I don't know how many times lately I've heard lately that that people are all about themselves. But are they really?! Or is that a generational thing?! Because most of my friends and people I know spend more time caring for and about those in their lives than they do caring for and about themselves. That being said if you are one of those people who spend more time taking care of your family and doing kind things for your friends than this is for YOU! You should never ever feel guilty about taking a day just for you. Spending a day doing just what you want. Whether that's a day in pajamas binge watching Netflix, getting a mani & pedi, or having lunch with your friends. A me day is a good way to reset and just relax. And something you should never feel guilt about.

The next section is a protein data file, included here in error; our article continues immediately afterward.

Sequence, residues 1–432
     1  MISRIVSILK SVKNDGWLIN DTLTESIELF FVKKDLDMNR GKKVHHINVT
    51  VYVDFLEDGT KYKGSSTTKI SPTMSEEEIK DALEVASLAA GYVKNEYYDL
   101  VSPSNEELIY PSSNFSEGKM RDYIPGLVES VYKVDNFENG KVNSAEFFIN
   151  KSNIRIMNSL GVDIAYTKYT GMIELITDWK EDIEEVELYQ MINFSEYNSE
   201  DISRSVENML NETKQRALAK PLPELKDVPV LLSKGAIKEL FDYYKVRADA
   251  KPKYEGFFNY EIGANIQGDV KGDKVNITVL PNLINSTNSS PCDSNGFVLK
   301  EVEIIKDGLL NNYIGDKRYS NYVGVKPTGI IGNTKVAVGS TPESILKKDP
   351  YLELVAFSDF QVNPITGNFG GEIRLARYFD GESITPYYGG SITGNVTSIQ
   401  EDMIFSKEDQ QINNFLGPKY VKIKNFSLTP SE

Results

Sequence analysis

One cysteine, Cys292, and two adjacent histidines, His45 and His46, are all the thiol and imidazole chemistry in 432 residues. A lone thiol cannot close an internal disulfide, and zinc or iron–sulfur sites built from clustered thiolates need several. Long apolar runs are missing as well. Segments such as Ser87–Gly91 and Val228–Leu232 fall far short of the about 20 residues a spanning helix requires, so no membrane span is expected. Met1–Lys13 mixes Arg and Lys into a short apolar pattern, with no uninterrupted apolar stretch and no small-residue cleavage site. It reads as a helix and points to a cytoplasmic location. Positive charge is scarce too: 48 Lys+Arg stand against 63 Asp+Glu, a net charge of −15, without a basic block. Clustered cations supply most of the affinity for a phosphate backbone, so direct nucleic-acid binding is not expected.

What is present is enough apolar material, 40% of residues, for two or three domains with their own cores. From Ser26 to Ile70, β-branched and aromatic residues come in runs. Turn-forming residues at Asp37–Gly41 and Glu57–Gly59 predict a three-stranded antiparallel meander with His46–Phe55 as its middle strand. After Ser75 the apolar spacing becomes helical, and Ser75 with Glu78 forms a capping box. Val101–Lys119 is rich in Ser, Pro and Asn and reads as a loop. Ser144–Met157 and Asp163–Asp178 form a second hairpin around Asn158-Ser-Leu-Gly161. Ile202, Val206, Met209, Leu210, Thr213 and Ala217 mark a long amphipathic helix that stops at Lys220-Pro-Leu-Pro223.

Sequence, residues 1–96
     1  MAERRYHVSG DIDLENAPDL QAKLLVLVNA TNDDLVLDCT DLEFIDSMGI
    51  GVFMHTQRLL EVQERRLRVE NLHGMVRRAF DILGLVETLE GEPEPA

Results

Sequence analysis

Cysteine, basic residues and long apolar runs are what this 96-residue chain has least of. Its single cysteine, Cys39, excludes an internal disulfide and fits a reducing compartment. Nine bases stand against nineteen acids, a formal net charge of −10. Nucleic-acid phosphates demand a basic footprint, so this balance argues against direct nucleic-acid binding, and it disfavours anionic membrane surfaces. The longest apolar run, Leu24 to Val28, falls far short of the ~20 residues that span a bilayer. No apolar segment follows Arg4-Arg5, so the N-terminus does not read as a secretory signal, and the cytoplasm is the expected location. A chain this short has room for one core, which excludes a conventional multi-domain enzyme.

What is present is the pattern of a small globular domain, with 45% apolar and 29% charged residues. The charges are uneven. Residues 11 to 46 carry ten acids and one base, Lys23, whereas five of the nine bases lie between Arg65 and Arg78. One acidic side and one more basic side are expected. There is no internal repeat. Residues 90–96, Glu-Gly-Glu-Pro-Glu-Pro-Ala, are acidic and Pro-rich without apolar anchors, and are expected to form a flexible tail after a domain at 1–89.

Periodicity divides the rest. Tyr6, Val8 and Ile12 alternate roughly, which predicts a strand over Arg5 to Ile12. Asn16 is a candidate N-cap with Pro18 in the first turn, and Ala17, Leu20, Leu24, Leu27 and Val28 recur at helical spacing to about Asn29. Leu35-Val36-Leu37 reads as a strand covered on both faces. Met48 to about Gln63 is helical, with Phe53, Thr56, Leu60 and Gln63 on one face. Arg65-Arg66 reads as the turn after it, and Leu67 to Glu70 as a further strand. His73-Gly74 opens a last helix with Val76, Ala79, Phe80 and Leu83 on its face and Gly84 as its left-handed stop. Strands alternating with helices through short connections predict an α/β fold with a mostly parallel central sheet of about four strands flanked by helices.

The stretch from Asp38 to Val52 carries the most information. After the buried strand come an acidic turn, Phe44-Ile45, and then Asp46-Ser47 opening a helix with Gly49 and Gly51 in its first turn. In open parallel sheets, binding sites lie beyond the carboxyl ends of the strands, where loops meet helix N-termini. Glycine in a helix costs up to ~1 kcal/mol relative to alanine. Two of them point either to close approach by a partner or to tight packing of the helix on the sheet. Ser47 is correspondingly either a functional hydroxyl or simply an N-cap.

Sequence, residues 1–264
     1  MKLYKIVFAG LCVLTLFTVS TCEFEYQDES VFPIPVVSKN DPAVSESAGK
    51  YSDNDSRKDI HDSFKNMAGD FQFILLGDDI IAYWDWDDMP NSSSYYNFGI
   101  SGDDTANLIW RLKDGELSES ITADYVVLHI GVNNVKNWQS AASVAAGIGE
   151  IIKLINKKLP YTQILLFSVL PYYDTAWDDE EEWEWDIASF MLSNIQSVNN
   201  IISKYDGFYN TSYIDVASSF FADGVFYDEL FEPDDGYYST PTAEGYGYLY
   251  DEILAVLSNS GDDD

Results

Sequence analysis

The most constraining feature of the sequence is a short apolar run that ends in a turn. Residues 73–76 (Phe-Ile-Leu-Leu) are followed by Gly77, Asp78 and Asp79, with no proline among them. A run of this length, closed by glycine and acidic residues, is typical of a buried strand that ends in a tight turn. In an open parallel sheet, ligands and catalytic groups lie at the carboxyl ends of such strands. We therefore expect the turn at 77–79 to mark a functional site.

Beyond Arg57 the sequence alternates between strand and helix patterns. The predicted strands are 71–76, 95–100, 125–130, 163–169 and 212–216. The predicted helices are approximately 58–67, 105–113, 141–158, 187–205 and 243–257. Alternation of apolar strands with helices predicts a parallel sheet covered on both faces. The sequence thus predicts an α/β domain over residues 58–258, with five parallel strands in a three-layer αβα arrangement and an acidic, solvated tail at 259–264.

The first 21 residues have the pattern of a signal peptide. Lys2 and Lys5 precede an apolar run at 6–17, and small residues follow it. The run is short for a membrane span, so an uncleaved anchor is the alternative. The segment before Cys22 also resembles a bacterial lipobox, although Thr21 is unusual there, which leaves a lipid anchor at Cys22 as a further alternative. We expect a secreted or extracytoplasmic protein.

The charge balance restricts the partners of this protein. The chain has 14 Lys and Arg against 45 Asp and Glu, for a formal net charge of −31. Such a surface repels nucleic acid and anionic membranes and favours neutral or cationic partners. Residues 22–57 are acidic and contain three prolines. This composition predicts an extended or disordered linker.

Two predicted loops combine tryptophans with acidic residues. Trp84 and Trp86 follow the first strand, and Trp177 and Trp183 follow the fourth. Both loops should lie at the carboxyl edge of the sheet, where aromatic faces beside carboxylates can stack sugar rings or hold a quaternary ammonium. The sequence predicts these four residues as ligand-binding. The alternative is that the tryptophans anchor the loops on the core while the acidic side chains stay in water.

3. Your views on medicine

This can be a very personal and controversial topic. That being said your views are yours and you should never feel guilty for your views. You have to do what is best for you, your kids and your family and other views should not impact your decision. Everyone will have their own viewpoint and not everyone will agree with your differing viewpoints is what makes the world go round. And not something anyone should be made to feel guilty for.

4. Being "different" than someone else.

Like I mentioned above everyone is going to have different views on things. Whether those views be about medical treatments, vaccines, politics or religion, you will always find different views. Even among the closest of family and friends. But that's OKAY. Differing viewpoints are good and are what make the world go round. That being said never let anyone make you feel guilty for having different viewpoints.

5. Feeling good about yourself